That’s when Shark Punch decided to act, and the company was motivated by its previous success building platforms.
“About five years ago, we founded a company called Rocket Pack,” said Kupiainen. “It was a way to make games in the cloud. Disney acquired that four years ago, and we spent a few years finding out how corporate America works, and I left Disney two years ago.”
But having built and sold Rocket Pack, Kupiainen felt confident about taking on a new challenge trying to solve problems for other developers.
How to fix discovery
Shark Punch got to work on Playfield last year, and it launched an alpha version earlier in 2014. Now, the site is in a beta test, and it features most of the basic functionality that it needs to start generating revenue.
This means developers can start showing off their games, and consumers can start using the site to discover new stuff. And studios like Surgeon Simulator developer Bossa Studios and Legend of Grimrock creator Almost Human have already embraced the site. To attract even more developers, Playfield is offering a special revenue split until February where developers get 90 percent and Playfield gets a 10 percent cut.
But money is just one reason developers may choose to work with Playfield — the other is that it’s not going to favor games that are already making money.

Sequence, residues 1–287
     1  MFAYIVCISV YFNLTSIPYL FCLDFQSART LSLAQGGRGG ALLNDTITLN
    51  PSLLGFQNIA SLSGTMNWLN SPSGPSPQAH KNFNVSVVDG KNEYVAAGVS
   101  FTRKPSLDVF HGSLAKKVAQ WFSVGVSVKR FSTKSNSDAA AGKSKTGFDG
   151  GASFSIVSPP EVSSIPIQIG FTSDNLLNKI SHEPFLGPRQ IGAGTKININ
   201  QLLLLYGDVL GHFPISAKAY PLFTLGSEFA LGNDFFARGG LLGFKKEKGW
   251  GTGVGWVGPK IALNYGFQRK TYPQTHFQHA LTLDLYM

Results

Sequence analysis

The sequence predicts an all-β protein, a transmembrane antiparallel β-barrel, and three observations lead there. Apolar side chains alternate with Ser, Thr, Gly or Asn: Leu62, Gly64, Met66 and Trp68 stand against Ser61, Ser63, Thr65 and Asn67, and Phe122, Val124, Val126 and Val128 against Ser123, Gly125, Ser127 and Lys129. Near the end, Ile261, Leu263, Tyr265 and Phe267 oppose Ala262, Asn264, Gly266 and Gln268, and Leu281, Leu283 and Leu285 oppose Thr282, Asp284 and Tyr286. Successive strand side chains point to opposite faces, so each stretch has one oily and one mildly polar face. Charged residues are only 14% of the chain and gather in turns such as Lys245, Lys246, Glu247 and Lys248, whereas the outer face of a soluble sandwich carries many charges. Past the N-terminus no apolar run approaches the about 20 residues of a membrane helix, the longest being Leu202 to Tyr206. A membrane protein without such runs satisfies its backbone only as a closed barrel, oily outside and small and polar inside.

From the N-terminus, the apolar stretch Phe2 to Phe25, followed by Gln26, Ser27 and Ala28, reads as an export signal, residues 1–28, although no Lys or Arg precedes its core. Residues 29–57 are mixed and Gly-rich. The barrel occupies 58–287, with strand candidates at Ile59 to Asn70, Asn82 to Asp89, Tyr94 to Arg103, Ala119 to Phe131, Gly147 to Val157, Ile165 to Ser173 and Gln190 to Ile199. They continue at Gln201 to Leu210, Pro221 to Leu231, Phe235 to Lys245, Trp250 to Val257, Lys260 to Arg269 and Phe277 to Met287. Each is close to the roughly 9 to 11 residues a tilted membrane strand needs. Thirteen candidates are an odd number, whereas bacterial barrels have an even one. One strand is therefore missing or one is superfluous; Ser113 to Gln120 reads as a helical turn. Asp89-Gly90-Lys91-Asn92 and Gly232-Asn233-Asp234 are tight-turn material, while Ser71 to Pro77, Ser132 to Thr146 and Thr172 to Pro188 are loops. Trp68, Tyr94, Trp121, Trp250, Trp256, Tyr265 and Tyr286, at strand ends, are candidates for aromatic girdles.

“We think of the game pages on Playfield as subreddits, and we wait for signals that help us know when people are liking, talking about, or sharing a certain game. And when we see that, if we notice the game isn’t making any money, we can find ways to amplify that,” said Kupiainen. “What other store fronts do is find games that are already make money and help them make more money, but we want to help the games that are getting interest but are not [converting] for some reason.”
Paying attention to those kinds of details could make Playfield attractive to indie developers, but it’s also only the start. Shark Punch is actively working on other tools to help promote games that it will roll out with future updates.
Living in the post-indiepocalypse
“The whole ‘indiepocalypse’ thing is really all about the fact that the tools for making games are now free,” said Kupiainen. “Game development is becoming the same thing as professional photography. There’s a larger group of people who are not full-time pros, but they are also not amateurs.”